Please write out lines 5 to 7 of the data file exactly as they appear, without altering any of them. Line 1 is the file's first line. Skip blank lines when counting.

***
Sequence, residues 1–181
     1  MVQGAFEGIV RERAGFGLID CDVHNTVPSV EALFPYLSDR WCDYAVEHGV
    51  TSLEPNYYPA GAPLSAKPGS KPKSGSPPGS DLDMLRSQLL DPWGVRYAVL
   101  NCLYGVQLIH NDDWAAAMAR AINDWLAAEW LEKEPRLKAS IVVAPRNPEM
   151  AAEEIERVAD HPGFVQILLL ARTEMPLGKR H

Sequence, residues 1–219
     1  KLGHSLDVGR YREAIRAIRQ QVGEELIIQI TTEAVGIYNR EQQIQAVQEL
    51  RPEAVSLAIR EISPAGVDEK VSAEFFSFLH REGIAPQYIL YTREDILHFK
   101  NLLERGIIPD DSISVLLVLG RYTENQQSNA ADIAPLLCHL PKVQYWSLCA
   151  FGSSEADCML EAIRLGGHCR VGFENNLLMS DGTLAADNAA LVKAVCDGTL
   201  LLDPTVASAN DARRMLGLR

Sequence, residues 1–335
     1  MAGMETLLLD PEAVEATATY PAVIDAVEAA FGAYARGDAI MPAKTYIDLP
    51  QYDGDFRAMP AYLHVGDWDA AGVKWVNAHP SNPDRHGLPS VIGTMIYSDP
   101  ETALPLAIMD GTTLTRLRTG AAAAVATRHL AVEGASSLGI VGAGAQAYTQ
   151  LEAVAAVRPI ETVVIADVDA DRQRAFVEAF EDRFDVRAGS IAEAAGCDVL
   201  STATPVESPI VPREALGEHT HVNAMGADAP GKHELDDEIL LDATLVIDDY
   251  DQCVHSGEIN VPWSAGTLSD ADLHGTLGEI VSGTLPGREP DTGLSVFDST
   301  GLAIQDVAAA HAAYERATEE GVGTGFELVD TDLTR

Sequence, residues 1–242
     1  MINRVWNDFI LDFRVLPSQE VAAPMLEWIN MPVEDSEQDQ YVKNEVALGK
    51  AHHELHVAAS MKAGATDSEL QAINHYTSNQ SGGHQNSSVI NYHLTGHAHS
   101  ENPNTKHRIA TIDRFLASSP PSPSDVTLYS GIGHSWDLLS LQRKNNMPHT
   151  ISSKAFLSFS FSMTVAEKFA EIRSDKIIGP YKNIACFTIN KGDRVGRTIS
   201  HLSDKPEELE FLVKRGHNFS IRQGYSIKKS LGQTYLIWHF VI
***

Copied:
   151  AAEEIERVAD HPGFVQILLL ARTEMPLGKR H

Sequence, residues 1–219
     1  KLGHSLDVGR YREAIRAIRQ QVGEELIIQI TTEAVGIYNR EQQIQAVQEL